Excerpt from The Portable Writers’ Workshop

Posted on Jul 09 2014

PWCHi, everybody! Marcy here. I couldn’t let Daphne Martin outdo me by giving up one blog post for Gayle Trent’s new writing book, THE PORTABLE WRITERS’ WORKSHOP. After all, Gayle (as Amanda Lee, in my case) writes about our adventures, so we have to help her out where we can.

So today, I present you with an excerpt from THE PORTABLE WRITERS’ WORKSHOP:

Characterization

 

One way to get to know your characters is via a character sketch. I’ll use characters from both Anything For A Buck and Photo Finish [two of my earlier works] to demonstrate.

 

Roxanne Weatherly from Anything For A Buck

First, let’s look at the name. I needed a name that would fit a sophisticated young woman but also one that could be given a male derivative since she will be posing as a boy at the construction site. I chose Roxanne–“Rocky” to the guys at the site. “Weatherly” has a certain “old money” sound to it that fit her and her situation too.

 

Next comes the physical description. Roxanne has to have a boyish figure in order to pull off the charade at the construction site. She’s fair, has shoulder-length ash blonde hair and green eyes.

 

Then I needed to establish some character traits that would make Roxanne who she is and/or who she will become by the end of the story. She’s a spunky, loving mother who is a tad paranoid.  Her greed brought her to the point she is today (when the story begins), and she’s determined not to make any more mistakes—especially where her daughter is concerned.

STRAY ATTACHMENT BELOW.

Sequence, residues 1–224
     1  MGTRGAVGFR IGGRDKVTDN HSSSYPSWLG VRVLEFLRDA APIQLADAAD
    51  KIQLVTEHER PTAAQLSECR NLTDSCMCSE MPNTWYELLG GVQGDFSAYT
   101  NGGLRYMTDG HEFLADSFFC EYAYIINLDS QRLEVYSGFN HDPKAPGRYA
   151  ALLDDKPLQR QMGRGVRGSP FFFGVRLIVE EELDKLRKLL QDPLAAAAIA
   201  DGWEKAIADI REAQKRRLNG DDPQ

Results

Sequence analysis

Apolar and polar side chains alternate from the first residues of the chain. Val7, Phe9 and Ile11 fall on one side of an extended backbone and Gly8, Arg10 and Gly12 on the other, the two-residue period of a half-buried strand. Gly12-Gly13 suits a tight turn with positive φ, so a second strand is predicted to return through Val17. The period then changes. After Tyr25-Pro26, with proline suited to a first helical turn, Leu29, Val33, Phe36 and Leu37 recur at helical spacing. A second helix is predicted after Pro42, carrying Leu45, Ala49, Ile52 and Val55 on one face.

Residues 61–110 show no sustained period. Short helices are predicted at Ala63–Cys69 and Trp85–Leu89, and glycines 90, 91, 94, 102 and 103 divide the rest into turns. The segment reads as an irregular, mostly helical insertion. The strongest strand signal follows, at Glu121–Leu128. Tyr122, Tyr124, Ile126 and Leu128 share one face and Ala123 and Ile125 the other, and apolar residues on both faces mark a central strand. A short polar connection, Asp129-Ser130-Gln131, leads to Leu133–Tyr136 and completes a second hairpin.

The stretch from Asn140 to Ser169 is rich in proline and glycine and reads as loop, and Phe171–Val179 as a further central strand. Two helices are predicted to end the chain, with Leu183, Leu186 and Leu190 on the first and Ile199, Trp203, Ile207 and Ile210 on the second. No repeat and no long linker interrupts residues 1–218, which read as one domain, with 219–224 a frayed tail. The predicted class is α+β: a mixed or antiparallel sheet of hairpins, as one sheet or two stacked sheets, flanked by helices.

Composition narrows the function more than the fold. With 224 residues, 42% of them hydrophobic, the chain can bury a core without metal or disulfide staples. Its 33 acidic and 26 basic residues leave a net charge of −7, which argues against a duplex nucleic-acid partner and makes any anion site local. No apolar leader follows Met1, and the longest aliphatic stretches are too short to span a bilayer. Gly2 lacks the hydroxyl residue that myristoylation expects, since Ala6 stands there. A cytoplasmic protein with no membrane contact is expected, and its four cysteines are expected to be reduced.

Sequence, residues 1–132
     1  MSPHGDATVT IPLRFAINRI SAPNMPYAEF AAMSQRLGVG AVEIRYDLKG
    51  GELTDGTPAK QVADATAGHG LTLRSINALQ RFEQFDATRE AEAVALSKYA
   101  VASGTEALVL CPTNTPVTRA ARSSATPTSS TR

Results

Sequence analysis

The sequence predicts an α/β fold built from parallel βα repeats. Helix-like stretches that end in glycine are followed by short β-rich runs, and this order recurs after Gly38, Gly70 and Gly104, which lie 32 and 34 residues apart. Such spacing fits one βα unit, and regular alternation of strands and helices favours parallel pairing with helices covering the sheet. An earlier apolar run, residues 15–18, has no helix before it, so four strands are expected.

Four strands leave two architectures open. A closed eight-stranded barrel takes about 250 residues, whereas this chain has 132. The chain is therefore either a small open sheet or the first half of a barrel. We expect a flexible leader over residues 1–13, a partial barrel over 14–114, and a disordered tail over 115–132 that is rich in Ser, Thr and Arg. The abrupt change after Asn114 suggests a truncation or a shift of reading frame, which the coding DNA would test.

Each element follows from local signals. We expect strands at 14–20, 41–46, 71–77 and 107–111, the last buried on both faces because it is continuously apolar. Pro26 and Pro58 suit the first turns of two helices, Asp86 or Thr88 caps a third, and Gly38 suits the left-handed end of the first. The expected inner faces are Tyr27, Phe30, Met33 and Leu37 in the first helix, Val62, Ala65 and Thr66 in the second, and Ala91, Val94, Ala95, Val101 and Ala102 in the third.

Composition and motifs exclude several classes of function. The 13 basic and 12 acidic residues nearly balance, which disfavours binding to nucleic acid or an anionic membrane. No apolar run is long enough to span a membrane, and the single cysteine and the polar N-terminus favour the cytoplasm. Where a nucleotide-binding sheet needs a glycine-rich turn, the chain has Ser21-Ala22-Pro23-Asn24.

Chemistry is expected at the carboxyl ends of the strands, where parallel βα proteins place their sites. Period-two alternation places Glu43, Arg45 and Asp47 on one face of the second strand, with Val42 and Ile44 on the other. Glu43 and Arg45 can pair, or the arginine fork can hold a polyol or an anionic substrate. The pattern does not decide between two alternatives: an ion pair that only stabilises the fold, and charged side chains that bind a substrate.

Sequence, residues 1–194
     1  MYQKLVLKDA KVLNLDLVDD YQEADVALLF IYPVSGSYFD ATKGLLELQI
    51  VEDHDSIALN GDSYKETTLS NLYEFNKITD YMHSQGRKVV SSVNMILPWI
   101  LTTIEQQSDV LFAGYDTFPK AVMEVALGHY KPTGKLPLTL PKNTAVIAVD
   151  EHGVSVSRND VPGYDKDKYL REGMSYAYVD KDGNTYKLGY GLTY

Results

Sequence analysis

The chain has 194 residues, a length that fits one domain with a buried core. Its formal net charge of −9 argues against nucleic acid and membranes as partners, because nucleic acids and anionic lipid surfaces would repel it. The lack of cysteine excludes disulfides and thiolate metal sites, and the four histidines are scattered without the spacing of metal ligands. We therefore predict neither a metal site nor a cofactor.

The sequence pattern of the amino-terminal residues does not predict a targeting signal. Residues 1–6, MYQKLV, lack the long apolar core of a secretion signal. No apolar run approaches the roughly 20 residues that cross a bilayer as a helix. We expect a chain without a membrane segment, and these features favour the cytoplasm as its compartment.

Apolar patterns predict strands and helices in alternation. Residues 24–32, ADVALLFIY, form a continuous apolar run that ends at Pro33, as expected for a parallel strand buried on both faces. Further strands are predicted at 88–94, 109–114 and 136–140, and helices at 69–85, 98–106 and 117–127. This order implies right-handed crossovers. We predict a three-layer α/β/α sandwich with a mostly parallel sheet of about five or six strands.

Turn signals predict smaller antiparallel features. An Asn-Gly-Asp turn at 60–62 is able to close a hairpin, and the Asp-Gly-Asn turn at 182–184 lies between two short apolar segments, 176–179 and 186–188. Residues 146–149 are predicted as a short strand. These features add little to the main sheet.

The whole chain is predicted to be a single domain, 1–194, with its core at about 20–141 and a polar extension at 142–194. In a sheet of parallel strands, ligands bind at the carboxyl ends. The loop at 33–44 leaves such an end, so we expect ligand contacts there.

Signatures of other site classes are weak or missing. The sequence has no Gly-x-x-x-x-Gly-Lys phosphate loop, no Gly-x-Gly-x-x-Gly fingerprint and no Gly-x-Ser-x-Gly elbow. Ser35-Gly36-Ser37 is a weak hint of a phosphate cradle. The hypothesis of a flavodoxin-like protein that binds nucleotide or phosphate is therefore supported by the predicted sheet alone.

Jay Andropoulis from Photo Finish

 

Jay is a secondary character. I gave him the first name “Jay” because 1) it’s not complicated, 2) I wanted to Americanize him a bit, and 3) since he’s filthy rich, I wanted to create a little “initial recognition.” (J. P. Morgan, John D. Rockefeller, etc.) 

 

Since Jay is Greek, I listened to Greek language tapes in order to get a feel for the cadence of the language. I also gleaned some words Jay could use to give credibility to the nationality of his character. For example, he calls the heroine “oraia” throughout the book. “Oraia” means “beautiful.”

 

As a secondary character, Jay didn’t need an extensive character sketch. I did have fun with him, though, and made him gorgeous and accomplished in business as well as the arts (classical piano) so he could be a good foil for the two major male characters who are “regular guys.”

 

Julia Weatherly from Anything For A Buck

 

Julia is Roxanne’s two-year-old daughter. If you aren’t around children very much, I suggest you tread carefully here. This is one area where writing what you know is crucial. If a child is vital to your plot but you’re still treading on unfamiliar ground, have a friend or critique partner who has children read the first draft of your manuscript for accuracy concerning the child’s speech and actions.

 

In physical appearance, Julia is a lot like a miniature version of her mother. In temperament, she rides that emotional roller coaster that comes with being a two-year-old. In one scene (where Roxanne is picking Julia up from day care), I describe Julia like this: “She [Roxanne] opened her arms wide and braced herself as a thirty-pound bullet in a pink romper crashed against her chest.”  I took this incident directly from experience.

Learn more about THE PORTABLE WRITERS’ WORKSHOP at http://www.gayletrent.com/about-the-author/writing-book/

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